Tips for staying ahead of Mole Crickets
By Lane Tredway, Ph.D., technical services manager for Syngenta
Mole crickets are perhaps the most destructive pests that can infest a lawn. These large insects, which can be more than an inch in length, have shovel-like front legs designed for tunneling. They also feed on turfgrass roots and can quickly destroy and consume large areas of turf in a short period of time.
The most damage is caused by large nymphs and adults in the late summer and fall. However, these large insects are very difficult to control due to their sheer size. Thus, the old saying “an ounce of prevention is worth a pound of cure” definitely applies to mole cricket control.
The best time to control mole crickets is in the spring or early summer, long before any damage appears, when the eggs are hatching into small nymphs that are most sensitive to insecticide treatments. This timing varies by location and from year to year based on the weather conditions, ranging from April through June, so scouting is essential to determine the best timing each year.
The good news is that you don’t need a degree in entomology to scout for mole crickets. A simple soap water flush (1 oz. of lemon-scented dish soap per gallon of water) will quickly bring any mole cricket nymphs and adults to the turf surface. Mole crickets have a tendency to invade the same spots year after year, so monitor previously infested areas to increase your chances of finding a population. For more details and a demonstration of a soap water flush, watch the video below.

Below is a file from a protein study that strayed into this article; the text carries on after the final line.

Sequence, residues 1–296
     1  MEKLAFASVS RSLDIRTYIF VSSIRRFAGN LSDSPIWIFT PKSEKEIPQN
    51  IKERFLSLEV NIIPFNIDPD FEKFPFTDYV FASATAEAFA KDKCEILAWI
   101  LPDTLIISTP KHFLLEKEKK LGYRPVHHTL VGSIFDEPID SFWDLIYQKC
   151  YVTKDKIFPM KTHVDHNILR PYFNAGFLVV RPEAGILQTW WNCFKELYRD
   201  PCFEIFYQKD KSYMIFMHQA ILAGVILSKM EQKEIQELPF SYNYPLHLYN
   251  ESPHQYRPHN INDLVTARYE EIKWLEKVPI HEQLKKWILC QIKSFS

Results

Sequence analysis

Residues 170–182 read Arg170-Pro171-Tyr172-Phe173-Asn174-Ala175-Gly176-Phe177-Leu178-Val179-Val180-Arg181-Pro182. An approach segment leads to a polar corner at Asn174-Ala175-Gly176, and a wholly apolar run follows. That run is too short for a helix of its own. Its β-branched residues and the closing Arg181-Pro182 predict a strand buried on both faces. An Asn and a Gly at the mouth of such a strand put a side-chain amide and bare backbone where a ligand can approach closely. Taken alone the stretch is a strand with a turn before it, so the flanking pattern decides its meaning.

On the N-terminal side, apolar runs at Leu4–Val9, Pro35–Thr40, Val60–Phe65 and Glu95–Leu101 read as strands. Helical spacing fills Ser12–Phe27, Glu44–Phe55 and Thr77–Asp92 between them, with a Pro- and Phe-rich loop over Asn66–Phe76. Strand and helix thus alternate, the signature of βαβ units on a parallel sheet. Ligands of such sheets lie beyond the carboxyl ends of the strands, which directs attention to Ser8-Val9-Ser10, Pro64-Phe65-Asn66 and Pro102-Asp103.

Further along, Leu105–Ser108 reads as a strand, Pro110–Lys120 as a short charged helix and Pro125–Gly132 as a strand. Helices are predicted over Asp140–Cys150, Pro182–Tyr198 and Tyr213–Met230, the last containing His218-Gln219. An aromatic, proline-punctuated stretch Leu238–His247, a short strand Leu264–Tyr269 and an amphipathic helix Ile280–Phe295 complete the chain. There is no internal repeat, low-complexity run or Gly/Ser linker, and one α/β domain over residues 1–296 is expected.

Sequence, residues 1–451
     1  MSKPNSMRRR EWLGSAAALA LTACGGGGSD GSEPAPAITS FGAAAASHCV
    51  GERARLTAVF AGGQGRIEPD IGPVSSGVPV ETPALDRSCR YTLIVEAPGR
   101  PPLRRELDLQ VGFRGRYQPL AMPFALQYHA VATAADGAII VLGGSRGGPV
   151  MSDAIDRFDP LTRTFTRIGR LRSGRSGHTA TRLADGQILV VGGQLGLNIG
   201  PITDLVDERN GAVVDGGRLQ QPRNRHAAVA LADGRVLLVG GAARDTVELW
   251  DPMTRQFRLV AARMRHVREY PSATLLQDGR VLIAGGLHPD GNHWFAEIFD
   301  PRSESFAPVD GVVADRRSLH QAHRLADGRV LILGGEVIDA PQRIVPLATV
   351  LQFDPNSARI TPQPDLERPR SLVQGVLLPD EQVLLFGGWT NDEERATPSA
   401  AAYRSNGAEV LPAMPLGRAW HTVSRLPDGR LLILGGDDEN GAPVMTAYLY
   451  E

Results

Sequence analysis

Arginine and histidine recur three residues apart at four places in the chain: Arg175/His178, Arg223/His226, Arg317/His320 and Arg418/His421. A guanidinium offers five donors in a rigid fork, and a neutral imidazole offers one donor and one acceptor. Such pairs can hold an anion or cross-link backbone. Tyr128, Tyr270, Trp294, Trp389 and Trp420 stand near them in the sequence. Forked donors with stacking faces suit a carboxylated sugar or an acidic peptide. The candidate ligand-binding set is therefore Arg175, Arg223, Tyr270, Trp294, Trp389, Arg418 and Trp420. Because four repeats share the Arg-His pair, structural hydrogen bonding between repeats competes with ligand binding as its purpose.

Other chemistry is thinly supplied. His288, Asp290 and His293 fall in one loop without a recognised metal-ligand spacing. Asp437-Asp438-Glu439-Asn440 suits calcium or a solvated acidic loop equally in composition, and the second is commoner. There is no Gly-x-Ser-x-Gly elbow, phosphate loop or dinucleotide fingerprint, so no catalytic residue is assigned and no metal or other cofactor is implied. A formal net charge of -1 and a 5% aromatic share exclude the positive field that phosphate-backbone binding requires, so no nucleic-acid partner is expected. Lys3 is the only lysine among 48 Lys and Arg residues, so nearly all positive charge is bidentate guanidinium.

Controlling mole crickets
Meridian insecticide is an effective option for mole cricket control. If preventive mole cricket treatments are not made, an active infestation of large nymphs and adults late in the season can be controlled with Advion® insect granule, a bait formulation specifically designed to control mole crickets and other insect pests. In addition to mole crickets, Advion insect granule controls several ant species and common nuisance insects in the landscape such as crickets, earwigs, silverfish and cockroaches.
Below is another video all about the control of mole crickets on golf courses. It is especially for greenkeepers in the Middle East and South Africa.